I kind of agree with this. I don't blame the government, I blame the people who were told about the problem and were silent. Which by now is pretty much everyone. They will just have to learn the hard way when they are denied opiates when they really need them. Nothing will change until that happens.

  • gaoxiaen||

    Yay!

  • C. S. P. Schofield||

    Is it possible that people who, in other parts of the world, die of their injuries, live in the US, but do so with chronic pain?

  • David Welker||

    Alternatives to opioids, such as non-steroidal anti-inflammatory drugs (NSAIDs) also have their problems. For example, most NSAIDs (with the exception of aspirin) have an FDA black box warning because they increase the risk of heart attack and stroke. In fact, Vioxx caused anywhere from 60,000 to more than 500,000 deaths.

    So, before you condemn opioids, you should realize that the alternatives may have even more serious problems. Especially in people with risk factors for heart disease and stroke.

    By the way, you talk about corporate propaganda. But guess who manufacturers NSAIDs? You guess it! Corporations. So, I don't think your prejudice against opioids is explained by your concerns about corporate propaganda after all.

    People should not have to live their life in unbearable pain just because YOU want to "protect" them from opioids. Oh wait. You don't want to protect them, do you. Let me quote you. "Let them fucking die already." Sure. Death is way better than opioids, right?

  • gaoxiaen||

    +1 brain

  • JFree||

    So, I don't think your prejudice against opioids is explained by your concerns about corporate propaganda after all.

    The specific lie - 1% will become dependent/abuse - is likely gonna appear in this thread by someone pretending to be a doctor (or worse - perhaps actually a doctor). That fraud is directly responsible for creating the problem that is unique here in the US. What could possibly go wrong?

  • JFree||

    In fact, Vioxx caused anywhere from 60,000 to more than 500,000 deaths.

    And there are precisely zero prescriptions for it now. Probably zero for the last decade plus. I haven't read any Reason articles saying 'the pain the pain the pain. Medicare really should reimburse for generic versions of it if there is any mfr who is willing to market it as perfectly safe and any doctor who is willing to prescribe it as perfectly safe. Why should we punish patients? The pain the pain the pain.'

  • Sedona Vortex Hunter||

    if you don't care if these people live or die, then can you at least quit interfering in their life and micromanaging what they are allowed to ingest or not ingest? I think most people would be very happy if you would just fuck off, nobody wants anything at all from you, just leave them alone,

    If you did leave them alone you would suddenly find that people were in fact no dying, which I am sure would be an incredible disappointment to you. I am sure you could find some other way to busy body your way into being an annoying prick though.

  • Berserkerscientist||

    Opioids aren't addictive (0.6% per person per year), aren't really that dangerous, are fairly easy to withdraw from, and cheap. Make them legal and people will stop dying from poisoned street opioids.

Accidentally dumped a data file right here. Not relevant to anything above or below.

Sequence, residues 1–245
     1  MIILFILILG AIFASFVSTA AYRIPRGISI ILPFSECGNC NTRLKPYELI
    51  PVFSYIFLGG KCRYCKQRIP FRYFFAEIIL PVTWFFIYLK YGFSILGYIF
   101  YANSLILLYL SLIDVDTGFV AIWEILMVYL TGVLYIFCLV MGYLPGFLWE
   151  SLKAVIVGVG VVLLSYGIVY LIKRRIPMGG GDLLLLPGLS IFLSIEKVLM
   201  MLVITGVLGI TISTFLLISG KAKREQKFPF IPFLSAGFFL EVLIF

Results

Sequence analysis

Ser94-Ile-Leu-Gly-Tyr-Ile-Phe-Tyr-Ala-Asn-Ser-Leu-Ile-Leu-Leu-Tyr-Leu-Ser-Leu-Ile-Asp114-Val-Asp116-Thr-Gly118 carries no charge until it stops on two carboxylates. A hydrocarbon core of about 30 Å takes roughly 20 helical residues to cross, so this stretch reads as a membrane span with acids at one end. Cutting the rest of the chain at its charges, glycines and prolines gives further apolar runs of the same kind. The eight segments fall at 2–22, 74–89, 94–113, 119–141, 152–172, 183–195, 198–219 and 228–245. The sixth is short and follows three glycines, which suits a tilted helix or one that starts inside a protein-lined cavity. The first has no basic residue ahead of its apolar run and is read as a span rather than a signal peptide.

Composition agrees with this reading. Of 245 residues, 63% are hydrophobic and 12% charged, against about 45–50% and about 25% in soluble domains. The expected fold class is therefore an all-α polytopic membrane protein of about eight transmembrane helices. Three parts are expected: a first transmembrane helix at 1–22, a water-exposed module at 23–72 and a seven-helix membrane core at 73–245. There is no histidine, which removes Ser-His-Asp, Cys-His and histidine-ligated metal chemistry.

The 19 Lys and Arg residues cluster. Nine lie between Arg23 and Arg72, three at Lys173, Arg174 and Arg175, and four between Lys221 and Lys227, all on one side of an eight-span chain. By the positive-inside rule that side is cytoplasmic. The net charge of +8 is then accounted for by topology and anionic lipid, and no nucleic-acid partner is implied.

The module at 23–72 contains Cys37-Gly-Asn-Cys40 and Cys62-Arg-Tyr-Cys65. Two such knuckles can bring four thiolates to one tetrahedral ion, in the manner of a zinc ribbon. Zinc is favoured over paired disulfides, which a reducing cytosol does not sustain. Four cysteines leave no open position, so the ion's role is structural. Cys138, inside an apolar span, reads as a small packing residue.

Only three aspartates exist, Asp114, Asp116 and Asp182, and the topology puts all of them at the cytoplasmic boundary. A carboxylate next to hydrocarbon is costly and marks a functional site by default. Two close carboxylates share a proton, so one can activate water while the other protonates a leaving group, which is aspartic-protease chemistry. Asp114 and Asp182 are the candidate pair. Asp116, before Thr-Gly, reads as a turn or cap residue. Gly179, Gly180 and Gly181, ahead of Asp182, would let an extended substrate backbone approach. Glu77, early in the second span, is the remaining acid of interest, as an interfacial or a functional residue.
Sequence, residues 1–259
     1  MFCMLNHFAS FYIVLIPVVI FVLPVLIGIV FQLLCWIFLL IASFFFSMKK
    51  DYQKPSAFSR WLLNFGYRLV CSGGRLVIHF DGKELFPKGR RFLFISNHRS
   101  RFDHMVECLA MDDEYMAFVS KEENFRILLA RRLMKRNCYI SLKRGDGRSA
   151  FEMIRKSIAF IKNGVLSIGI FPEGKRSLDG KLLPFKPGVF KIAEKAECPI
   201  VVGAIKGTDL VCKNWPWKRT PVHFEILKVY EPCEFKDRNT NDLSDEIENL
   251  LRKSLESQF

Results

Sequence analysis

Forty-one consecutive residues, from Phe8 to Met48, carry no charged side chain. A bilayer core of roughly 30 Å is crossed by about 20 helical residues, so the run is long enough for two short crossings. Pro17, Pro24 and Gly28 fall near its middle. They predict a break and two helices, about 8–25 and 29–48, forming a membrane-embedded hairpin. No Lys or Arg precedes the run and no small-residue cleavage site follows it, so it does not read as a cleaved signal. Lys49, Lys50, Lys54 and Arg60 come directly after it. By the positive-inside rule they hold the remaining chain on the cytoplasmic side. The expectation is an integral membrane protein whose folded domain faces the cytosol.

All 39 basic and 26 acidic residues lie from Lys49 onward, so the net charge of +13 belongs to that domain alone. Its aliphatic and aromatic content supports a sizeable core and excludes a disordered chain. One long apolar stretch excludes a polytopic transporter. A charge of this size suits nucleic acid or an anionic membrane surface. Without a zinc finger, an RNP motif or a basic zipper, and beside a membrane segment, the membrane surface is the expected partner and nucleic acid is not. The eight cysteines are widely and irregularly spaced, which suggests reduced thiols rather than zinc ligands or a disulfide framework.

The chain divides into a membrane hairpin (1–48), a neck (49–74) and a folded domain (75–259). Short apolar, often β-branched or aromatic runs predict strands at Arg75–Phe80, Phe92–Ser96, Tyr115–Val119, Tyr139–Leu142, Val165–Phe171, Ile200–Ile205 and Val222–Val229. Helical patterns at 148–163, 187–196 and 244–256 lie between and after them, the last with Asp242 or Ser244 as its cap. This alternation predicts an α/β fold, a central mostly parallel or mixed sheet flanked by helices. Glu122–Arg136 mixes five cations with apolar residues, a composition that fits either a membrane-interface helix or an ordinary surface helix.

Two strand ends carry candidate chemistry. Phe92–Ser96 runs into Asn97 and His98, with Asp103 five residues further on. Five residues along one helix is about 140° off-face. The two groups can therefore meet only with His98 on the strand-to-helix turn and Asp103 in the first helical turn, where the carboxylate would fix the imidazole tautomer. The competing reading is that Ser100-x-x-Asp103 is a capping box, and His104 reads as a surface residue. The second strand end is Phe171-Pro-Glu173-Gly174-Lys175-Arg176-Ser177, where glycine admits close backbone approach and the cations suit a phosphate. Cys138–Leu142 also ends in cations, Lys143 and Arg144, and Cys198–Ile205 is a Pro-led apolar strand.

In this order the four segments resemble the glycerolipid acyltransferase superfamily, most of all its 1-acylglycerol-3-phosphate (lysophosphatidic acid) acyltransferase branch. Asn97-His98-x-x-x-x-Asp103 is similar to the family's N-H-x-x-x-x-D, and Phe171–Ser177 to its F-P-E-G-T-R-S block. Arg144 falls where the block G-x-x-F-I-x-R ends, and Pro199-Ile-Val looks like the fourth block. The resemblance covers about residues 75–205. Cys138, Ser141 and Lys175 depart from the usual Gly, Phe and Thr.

• Sevo||

    JFree|12.19.18 @ 2:02AM|#
    "How is it that the US consumes 99% of the world's hydrocodone? Prescribes 85% of all the world's opioids?"

    How is it that JFree makes such stupid comments?
    WIH does it matter whether the rest of the world does something. You should grow a brain-cell or STFU.

  • ||

    I would put #1 down to Hydrocodone being a US-specific opioid product, other countries have other opioids that you can't get in the US easily. It used to also be prescribed in Germany, where it was invented, but they've since moved on to other stuff probably because of patent-expiration reasons and general profitability, but I'm just guessing there.

    The reason why 85% of all the world's opioids are prescribed in the US I would put down to the US being one of the wealthiest nations. It's really pretty simple. If you watch any show at all about drug trafficking on Netflix (Narcos, El Chapo, real-life documentaries, etc.) it's fascinating to see the map graphics they use to depict the drug trade. Basically all of the smuggling routes out of Colombia go to either the US, or the UK via Spain (although Colombian drugs find their way into all countries). I would hazard to guess that the reason is because those destinations are simply where there is the highest market demand coupled with the most money to spend on things like drugs. I don't reckon there's a difference in those 2 driving factors when it comes to legit vs. not-legit drugs. Just the demand is driven by pain instead of pleasure in the case of legit drugs.

    PS. I replied to you because that guy seemed like a dick, and you happened to call out the bit I was interested in replying to in his original dick comment. I find this topic to be extremely fascinating whether it's legal or illegal drugs we're talking about.

  • C. S. P. Schofield||

    The War on Drugs is a barbarism. It has been going on, to one degree or another, all my adult life, and if it has accomplished any good commensurate with the cost in lives, treasure, and liberty, I cannot identify it. So, some people game the system to gat prescriptions for opioids that they then take for recreation; so what? If cracking down on such people 'for their own good' causes ONE person with genuine chronic pain to be unable to get the relief he needs, then it isn't worth it.